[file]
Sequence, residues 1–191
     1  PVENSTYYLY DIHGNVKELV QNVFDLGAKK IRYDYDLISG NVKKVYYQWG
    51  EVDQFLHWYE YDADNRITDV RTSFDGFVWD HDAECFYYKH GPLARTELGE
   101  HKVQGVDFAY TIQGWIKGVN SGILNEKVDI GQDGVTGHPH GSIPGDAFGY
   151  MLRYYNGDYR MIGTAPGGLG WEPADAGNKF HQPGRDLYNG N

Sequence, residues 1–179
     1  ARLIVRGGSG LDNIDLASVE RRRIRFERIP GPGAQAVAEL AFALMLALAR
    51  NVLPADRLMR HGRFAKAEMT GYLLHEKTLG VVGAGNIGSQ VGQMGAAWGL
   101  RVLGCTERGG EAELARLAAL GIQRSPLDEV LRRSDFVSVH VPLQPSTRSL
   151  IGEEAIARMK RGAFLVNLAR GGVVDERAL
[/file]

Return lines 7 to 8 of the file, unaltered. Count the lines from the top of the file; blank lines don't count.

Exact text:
     1  ARLIVRGGSG LDNIDLASVE RRRIRFERIP GPGAQAVAEL AFALMLALAR
    51  NVLPADRLMR HGRFAKAEMT GYLLHEKTLG VVGAGNIGSQ VGQMGAAWGL